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Mortgage Rates in Georgia — Plus Stats, First-Time Homebuyer Programs and Mortgage Refinancing
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The average mortgage interest rate in Georgia is 3.45%, 2.5% higher than the U.S. average of 3.37%. One reason mortgage rates in Georgia are higher may be that Georgia ranks 45th in the U.S. for average borrower credit score. The national average is 734, but Georgia mortgage borrowers have an average credit score of 723.
Meanwhile, the median home value in the Peach State is $192,700, compared with $239,100 across the U.S.
We’ll take a closer look below at other key mortgage facts around buying a home in Georgia’s biggest cities and towns, plus provide a breakdown of the state’s first-time homebuyer programs.
Mortgage rates in Georgia, plus more stats on the Peach State
|How Georgia mortgages compare to the rest of the U.S.|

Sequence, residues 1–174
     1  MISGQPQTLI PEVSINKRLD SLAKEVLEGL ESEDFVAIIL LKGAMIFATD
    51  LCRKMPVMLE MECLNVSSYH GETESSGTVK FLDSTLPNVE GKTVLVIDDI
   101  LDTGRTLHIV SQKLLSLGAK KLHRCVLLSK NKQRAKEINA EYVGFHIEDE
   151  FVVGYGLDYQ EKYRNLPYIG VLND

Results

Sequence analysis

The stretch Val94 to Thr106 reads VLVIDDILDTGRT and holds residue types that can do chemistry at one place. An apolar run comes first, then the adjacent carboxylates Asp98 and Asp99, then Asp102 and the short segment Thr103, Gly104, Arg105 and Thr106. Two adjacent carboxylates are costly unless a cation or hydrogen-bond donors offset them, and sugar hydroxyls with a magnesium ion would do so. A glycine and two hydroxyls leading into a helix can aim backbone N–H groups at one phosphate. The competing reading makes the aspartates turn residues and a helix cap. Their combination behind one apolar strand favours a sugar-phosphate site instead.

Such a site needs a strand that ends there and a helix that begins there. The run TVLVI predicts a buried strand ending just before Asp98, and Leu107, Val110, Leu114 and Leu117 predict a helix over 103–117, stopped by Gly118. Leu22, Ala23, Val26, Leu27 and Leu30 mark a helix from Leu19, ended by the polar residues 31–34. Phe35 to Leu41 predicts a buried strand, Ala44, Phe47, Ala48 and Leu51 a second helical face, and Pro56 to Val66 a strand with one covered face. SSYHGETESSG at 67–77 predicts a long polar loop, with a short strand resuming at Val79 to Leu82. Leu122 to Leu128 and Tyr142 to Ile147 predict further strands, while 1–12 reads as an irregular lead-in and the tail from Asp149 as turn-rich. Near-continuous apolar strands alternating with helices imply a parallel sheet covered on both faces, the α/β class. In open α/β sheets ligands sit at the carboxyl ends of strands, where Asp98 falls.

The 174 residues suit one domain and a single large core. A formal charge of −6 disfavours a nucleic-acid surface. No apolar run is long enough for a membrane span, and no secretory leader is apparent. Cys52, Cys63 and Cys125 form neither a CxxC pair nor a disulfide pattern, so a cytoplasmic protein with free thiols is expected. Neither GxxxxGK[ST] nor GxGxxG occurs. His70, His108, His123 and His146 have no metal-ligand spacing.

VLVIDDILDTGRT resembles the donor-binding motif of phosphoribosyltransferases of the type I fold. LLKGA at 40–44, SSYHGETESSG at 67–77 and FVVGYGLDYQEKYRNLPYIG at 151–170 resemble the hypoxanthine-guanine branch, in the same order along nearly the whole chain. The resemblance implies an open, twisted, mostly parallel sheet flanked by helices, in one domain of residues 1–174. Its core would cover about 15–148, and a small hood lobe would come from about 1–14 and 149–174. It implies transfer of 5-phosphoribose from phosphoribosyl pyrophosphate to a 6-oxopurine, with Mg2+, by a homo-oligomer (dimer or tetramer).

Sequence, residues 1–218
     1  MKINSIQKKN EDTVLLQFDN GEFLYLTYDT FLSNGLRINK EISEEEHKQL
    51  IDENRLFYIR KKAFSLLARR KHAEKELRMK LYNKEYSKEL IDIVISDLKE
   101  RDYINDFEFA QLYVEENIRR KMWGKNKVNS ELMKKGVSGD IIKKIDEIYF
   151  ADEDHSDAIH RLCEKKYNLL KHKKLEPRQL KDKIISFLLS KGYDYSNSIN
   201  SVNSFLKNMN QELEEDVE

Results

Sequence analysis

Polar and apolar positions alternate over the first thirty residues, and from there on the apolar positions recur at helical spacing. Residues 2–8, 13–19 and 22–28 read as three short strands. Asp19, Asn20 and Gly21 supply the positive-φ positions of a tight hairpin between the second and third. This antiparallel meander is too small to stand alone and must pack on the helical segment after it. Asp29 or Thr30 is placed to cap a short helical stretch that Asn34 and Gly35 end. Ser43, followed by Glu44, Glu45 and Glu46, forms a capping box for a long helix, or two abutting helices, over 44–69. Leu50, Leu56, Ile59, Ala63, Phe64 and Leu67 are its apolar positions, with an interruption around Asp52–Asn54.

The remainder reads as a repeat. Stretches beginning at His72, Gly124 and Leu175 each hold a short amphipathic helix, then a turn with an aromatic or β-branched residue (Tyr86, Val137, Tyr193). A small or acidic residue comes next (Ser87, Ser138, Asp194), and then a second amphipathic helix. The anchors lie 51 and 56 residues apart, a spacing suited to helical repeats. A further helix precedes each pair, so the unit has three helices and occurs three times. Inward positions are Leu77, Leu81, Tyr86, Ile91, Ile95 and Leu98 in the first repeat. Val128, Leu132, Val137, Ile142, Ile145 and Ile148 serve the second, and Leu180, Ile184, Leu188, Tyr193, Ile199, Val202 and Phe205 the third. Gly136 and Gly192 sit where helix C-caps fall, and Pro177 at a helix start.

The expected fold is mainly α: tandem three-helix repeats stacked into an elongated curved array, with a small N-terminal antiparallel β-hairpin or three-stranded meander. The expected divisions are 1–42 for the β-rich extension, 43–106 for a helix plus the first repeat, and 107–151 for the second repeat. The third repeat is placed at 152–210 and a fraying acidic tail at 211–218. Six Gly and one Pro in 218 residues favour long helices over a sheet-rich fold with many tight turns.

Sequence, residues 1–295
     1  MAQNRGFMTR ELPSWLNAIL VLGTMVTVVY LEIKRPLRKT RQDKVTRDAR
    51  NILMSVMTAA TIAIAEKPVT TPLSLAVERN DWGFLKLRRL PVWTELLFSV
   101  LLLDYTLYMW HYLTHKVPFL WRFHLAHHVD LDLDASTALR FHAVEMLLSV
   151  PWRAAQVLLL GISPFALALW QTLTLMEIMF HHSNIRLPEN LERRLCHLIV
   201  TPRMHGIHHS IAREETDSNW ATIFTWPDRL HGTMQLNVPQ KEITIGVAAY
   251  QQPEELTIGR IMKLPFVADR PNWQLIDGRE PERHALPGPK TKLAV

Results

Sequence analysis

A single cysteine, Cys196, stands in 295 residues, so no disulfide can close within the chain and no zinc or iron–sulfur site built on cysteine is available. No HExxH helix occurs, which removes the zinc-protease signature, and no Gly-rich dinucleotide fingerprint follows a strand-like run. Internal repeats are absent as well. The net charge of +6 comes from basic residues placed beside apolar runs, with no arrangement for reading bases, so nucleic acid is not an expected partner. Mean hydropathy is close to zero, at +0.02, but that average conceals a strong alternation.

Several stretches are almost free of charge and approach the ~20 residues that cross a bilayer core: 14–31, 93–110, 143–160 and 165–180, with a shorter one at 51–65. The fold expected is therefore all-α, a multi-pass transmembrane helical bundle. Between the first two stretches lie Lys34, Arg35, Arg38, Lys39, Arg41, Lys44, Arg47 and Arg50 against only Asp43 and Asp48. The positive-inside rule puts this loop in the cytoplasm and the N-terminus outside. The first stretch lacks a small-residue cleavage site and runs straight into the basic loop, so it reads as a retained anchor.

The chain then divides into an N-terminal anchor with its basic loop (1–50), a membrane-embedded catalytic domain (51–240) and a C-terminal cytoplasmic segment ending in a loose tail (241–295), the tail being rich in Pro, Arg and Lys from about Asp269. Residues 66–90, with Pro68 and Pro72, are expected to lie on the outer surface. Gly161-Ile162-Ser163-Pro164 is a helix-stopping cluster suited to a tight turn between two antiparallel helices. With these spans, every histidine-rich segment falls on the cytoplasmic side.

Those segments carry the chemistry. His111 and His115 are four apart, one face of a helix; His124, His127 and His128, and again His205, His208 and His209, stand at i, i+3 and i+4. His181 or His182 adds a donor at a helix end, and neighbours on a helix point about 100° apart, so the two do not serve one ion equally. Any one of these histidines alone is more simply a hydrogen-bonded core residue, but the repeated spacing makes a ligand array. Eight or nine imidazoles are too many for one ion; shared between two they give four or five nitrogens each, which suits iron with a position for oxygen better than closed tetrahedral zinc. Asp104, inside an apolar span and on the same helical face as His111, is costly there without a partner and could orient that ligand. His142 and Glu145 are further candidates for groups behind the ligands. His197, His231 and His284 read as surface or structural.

|U.S.||Georgia||Difference||Difference %||Rank among states|
|Average borrower credit score||734||723||-11||-1.5%||45|
|Average mortgage size||$284,152||$248,322||-$35,830||-12.6%||26|
|Average mortgage monthly payment||$1,252||$1,109||-$143||-11.5%||25|
|Average mortgage interest rate||3.37%||3.45%||0.08%||2.5%||32|
|Average mortgage APR||3.61%||3.69%||0.08%||2.2%||23|
Source: LendingTree internal data.
Note: Includes 30-year mortgages closed in 2020. State rankings go from high (1) to low (50) for credit score, mortgage size and monthly payment. State rankings go from low (1) to high (50) for interest rate and APR.